After 10 years investing in healthcare for Sequoia Capital, Mike Dixon is moving to Transformation Capital, a dedicated healthcare investor focused on supporting commercialized, growth-sized businesses.
Dixon joins former fellow Sequoia investor Todd Cozzens and Jared Kesselheim, all three of whom hold the title of managing partner at the firm.
MobiHealthNews caught up with Dixon to talk about his big move, as well as his insights on how digital health and healthcare investing have changed over the past decade. This interview has been edited for length and clarity.
Tell us a little about your background
I started investing in healthcare services and IT companies in 2008 or 2009 at Sequoia Capital. The general thesis back then was, healthcare is this large, attractive market and there are some things going on underneath the surface, namely the passing of the HI-TECH act — which was going to digitize the healthcare system from an EHR standpoint — and the shift over time to value-based care that was part of the ObamaCare legislation were going to fundamentally change a lot of things in this big attractive market, which is usually a good time for startups.
And so we invested in a number of companies over the years at Sequoia and I was a part of those efforts, leading those efforts in many ways, including Health Catalyst, which went public this year and is actually in the fund here in a later round in my new place.
Why leave Sequoia for Transformation Capital?
My passion is healthcare. It’s a large market with a ton of opportunity, but also a ton of challenges that in my opinion requires focus every day on the market and what’s changing. And I joined transformation because these were two people, Todd who I had worked with at Sequoia, and Jared who I knew from a long time ago and he was at Bain and we competed with each other. I knew the team really well and I wanted to be part of a focused fund that was doing healthcare and thinking about healthcare every second of the day.
It was really a move from being a part of a generalist tech fund, which historically has focused on all areas of technology, to one solely focused on healthcare.
What does that shift allow you to do differently?
I think the main differences are we have an entire team here right now, seven investors who are 100% focused on this market and helping our portfolio companies with introductions and help in various ways. Customer intros, board member intros, recruiter intros.
When you’re part of a focused firm, the network you have because you spend all of your time there is incredibly powerful. And I learned over the years that the network required to be a value-added investor in healthcare is just different from the networks that firms have that aren’t 100% focused on healthcare.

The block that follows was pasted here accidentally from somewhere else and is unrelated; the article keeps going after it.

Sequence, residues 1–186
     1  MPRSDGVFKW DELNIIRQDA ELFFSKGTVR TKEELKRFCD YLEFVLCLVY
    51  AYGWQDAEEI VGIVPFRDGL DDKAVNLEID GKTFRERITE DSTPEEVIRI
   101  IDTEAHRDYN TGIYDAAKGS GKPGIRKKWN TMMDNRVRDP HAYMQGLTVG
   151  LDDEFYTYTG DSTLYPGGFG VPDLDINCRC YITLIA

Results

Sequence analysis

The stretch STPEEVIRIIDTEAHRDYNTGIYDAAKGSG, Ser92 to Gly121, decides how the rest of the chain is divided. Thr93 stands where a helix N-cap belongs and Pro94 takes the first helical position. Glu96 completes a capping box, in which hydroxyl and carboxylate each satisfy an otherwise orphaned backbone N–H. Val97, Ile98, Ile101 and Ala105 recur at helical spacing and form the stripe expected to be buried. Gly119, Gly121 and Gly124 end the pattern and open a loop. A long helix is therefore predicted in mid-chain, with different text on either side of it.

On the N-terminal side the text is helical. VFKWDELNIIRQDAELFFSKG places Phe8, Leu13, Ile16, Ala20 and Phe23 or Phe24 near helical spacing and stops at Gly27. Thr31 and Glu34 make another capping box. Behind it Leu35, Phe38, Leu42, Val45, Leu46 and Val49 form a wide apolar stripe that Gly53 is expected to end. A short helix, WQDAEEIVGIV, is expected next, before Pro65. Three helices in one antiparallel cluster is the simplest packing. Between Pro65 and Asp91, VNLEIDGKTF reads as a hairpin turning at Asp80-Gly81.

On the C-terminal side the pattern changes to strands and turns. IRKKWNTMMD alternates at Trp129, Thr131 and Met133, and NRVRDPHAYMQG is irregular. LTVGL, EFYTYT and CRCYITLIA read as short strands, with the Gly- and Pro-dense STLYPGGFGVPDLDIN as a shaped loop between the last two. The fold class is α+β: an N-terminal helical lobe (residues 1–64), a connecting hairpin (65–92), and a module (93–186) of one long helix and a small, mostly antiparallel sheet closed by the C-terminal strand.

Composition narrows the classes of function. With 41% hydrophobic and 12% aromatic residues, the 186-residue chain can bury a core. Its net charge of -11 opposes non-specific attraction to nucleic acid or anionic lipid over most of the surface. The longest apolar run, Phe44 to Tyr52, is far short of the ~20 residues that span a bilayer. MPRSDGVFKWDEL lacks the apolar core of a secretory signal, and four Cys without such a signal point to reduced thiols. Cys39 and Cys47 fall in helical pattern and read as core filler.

And that’s not a Sequoia comment. It’s a general comment about firms that do a small portion of their overall business in healthcare. Healthcare is its own universe of people and incentive structures and regulations and everything. And the benefit to a startup in choosing an investor that is focused is the experience of having invested in the market for a long time. You know Tom and Jared and I have been doing this for most of our professional lives. And the result is an incredibly powerful network and deep domain expertise that you don’t get at really any general shop.
Can you tell us a little more about Transformation Capital?
What we do at Transformation Capital is help with businesses that are already at the commercial stage. And so, when I made the comments that I did about moving over here, what we’re built to do is help companies scale. It’s not necessarily to find product-market fit but to help them scale. And that’s why the network that we’ve developed over the years is such a helpful thing. Because so much about the healthcare system, whether it’s employers, pharma, or payer-provider, is the relationships. And thats’ why I’m excited to join this place.
I think it’s unique. Most healthcare investments that are done at this stage are done by generalists and we’re excited to be very differentiated as business partners for entrepreneurs as a totally focused product.
Looking back at a decade in health investing, has that investment thesis you mentioned panned out? What played out as expected and what played out unexpectedly?
The thing that we expected was that it would be a good time for startups, as I said. Meaning that the changes that would take place from a regulatory point of view and also the data infrastructure being laid, it was generally our belief that that would be good for startups just as it is when tectonic plates shift under any big market.
And that was true. Once the system got digitized — and it happened very quickly, we went from something like 5% of doctors having EHRs to 97% a decade later. And the result has been a ton of companies that exist now that the data is in place that wouldn’t have existed a decade before.
An example would be Health Catalyst, where Todd and I sit on the board. That’s a company that exists to help providers use the data to improve their quality and their cost, through a data warehouse and associated applications.
That company would not have existed 10 years ago in a meaningful way. So at least for me, and maybe I’m not being incredibly succinct about this, one vector of change is in the traditional market of payer and provider, there are a while bunch of companies, now that the data is there, that exist to help payers and providers use that data to improve how they deliver care.